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The Illustrated Edge


          Sometimes an edge is a corner, in which case you do not fall off. Corners are achieved by urging one plane into another, then feeling slatted and fenced (fig. 1). The planes feel otherwise, each at its own tilt.

          Sometimes an edge is a border, in which case you see more of the same, maybe rippling grass, but hear it calling to itself in another tongue. You can put your toe over. It may turn a different color, like from bala'ti to palavrata, or from pencil to ink. Music switches scales (fig. 2). Fish swim dorsal-down in that other hemisphere. Sometimes, given atmospheric change and mines, your toe explodes. Caution is advised. Pedicures are available. Nothing is forever cured by crossing fine lines.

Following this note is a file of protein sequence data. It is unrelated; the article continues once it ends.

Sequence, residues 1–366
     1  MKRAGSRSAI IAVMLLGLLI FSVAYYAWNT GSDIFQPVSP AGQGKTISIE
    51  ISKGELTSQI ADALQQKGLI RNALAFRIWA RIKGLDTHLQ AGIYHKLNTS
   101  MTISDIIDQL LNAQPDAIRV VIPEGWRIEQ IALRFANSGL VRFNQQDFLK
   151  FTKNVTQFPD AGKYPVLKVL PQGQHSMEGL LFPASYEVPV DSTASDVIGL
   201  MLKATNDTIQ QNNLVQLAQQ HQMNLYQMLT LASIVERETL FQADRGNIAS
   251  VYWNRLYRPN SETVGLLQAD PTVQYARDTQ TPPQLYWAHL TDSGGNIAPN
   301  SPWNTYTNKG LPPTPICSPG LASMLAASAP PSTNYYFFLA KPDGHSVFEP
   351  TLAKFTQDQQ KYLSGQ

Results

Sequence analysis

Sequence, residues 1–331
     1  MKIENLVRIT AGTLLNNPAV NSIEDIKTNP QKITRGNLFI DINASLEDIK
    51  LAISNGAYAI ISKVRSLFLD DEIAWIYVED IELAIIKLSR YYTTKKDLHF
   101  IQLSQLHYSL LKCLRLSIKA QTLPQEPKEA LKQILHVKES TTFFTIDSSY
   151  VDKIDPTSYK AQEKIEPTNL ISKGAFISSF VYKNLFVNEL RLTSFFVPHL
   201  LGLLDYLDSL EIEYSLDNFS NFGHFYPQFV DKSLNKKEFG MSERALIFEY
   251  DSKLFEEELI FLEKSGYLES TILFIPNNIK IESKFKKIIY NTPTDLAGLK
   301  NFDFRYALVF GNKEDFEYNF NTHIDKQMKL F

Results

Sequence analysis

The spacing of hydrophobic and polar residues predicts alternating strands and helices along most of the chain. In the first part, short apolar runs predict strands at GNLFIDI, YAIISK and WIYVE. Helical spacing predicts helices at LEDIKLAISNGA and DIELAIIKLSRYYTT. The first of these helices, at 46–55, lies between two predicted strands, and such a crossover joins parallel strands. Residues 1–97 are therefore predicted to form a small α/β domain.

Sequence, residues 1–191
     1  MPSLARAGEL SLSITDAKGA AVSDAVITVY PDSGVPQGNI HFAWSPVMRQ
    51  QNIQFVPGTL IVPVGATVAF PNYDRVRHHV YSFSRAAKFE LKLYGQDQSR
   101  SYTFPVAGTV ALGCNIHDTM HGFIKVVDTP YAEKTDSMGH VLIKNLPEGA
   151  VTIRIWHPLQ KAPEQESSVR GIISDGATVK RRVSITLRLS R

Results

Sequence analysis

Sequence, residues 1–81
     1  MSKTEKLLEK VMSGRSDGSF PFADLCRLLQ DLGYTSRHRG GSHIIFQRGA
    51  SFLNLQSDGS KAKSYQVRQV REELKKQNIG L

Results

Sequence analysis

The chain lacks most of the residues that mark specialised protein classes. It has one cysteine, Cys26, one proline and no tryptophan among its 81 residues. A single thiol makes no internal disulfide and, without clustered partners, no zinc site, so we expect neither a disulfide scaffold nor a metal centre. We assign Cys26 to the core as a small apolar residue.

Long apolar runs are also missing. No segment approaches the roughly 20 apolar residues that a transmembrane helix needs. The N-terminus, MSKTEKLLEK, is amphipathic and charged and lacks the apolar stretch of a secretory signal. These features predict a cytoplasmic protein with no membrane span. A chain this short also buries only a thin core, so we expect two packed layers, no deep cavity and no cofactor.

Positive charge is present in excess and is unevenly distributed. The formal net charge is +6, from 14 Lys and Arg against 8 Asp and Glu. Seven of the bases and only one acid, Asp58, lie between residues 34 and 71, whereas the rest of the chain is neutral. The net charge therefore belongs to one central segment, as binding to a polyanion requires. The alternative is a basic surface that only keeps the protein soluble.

Sometimes an edge takes to a table, in which case there are drips and crumbs and bellies pressed up close. Digestion is heard, also hunger (fig. 3), sometimes bookish crinkly thoughts, usually black on a cream ground, a smoothness pressed into texture. Elbows attend, indecisive, poise-or-plunge.

          Sometimes an edge is rounded, as in the egg, in which case things fall off, such as the bloom first and foremost. The rounded edge is in dispute between the plane and arc, hence Archimedes' mediation these two thousand years, and Earth so far unmoved. This edge is incremental in its geometry, hazardous in sin (fig. 4), endlessly holding out the hope of a center.


Marsha Pomerantz

The Illustrated Edge
Biblioasis


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